It appears likely that plaintiffs will be able to establish that the city and American acted in concert to further a plan to ultimately seize and ban all newsboxes from a public forum (the secured, passenger walkways in Terminal 3 where newsboxes have been maintained for years) and that their action does not serve a significant governmental interest. It does not appear likely that defendants can establish that they were acting pursuant to a bona fide concern for public safety or that they have provided plaintiffs with ample alternative channels of communication. City of Watseka v. Illinois Public Action Council, 796 F.2d 1547, 1552-53 (7th Cir. 1986). The availability of newspapers at privately operated concession stands authorized by defendants in Terminal 3 is constitutionally irrelevant. Providence Journal Co. v. City of Newport, 665 F. Supp. 107, 118 (D.R.I. 1987); Chicago Newspaper Publishers v. City of Wheaton, 697 F. Supp. at 1470.
Defendants have not shown that the relatively unobtrusive manner in which plaintiffs exercise their First Amendment rights, by distributing their newspapers in a limited number of newsboxes, interferes with airport security or essential airport functions. Compare Intern. Soc. for Krishna Consc. v. Rochford, 585 F.2d 263, 268-69 (7th Cir. 1978) (constitutionally permissible to bar the distribution of religious literature combined with solicitation of contributions in secured concourses where travelers are captive audience and space is limited).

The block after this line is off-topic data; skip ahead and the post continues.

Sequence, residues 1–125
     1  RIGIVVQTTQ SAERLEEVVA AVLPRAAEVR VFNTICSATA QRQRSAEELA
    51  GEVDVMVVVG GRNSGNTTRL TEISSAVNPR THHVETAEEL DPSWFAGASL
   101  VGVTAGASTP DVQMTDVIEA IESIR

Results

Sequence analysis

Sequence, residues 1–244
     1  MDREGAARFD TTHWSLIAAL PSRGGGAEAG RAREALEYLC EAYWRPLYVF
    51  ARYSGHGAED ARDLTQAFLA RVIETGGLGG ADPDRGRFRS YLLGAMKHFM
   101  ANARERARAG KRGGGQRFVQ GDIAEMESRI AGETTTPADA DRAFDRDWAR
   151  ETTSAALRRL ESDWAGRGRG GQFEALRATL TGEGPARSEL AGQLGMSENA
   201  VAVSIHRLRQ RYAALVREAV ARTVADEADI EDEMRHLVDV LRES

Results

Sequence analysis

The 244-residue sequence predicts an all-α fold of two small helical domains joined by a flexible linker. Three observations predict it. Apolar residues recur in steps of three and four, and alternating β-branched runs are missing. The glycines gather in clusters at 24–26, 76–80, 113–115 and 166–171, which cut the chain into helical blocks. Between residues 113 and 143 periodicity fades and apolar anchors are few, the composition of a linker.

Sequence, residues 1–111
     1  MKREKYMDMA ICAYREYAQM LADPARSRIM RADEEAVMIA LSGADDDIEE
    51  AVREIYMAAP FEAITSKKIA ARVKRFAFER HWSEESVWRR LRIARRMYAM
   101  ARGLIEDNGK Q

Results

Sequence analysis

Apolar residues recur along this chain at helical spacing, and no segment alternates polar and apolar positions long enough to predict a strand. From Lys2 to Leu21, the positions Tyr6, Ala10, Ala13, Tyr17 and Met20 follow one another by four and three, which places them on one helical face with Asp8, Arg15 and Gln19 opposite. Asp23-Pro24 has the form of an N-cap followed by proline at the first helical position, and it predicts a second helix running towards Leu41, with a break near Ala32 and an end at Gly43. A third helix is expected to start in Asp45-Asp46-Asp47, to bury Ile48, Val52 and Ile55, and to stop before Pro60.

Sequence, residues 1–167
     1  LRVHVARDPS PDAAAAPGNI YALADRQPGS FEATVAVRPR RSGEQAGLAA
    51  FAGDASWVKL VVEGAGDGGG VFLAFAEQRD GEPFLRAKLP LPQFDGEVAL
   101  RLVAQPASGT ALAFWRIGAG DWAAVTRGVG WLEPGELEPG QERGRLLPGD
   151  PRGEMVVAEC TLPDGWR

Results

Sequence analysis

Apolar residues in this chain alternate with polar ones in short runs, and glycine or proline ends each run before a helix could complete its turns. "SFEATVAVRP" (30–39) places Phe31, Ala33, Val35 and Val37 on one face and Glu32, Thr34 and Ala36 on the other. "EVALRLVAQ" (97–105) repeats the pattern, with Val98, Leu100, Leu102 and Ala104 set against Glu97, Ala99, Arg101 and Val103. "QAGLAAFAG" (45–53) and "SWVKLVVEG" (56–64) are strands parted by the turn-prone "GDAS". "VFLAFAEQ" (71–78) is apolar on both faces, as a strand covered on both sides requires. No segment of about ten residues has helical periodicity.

Even if defendants were able to establish that the passenger walkways of Terminal 3 are not a traditional public forum, it appears likely that plaintiffs will be able to show that the concerted action of the city and American in restricting plaintiffs' First Amendment activity was unreasonable under the specific circumstances presented by this case.
Defendants' actions were not taken pursuant to any ordinance or regulation, narrowly drawn or otherwise. It therefore appears likely plaintiffs will succeed in their claim that the challenged conduct is an unconstitutional exercise of unfettered discretion and operates as a prior restraint on plaintiffs' First Amendment activities. Miller Newspapers, Inc. v. City of Keene, 546 F. Supp. 831, 835-36 (D.N.H. 1982); Chicago Newspaper Publishers v. City of Wheaton, 697 F. Supp. at 1466-69.
Therefore, there is a reasonable likelihood plaintiffs will prevail on the merits. The denial of plaintiffs' First Amendment rights to distribute and circulate their newspapers in a public forum constitutes an irreparable injury that cannot be remedied by monetary damages. Jacobsen v. U.S. Postal Service, 812 F.2d 1151, 1154 (9th Cir. 1987); O'Brien v. Town of Caledonia, 748 F.2d 403, 409 (7th Cir. 1984); Citizens for a Better Environment v. City of Park Ridge, 567 F.2d 689, 691 (7th Cir. 1975). The threatened injury to plaintiffs' First Amendment rights outweighs any economic harm that the city or American may suffer due to lost revenue from the sale of newspapers by their authorized concessionaires or by alleged property damage. If proven, the claimed injuries to defendants may be compensated by monetary damages.
The public interest strongly favors a preliminary injunction where vindication of a First Amendment right to distribute and circulate newspapers is at issue. Plaintiffs have satisfied the requirements for issuance of a preliminary injunction. Brunswick Corporation v. Jones, 784 F.2d 271, 273-74 (7th Cir. 1986). Therefore, a preliminary injunction shall issue restraining the City of Chicago and American Airlines from seizing or relocating plaintiffs' newsboxes in Terminal 3 pending resolution of the constitutional issues raised in this case.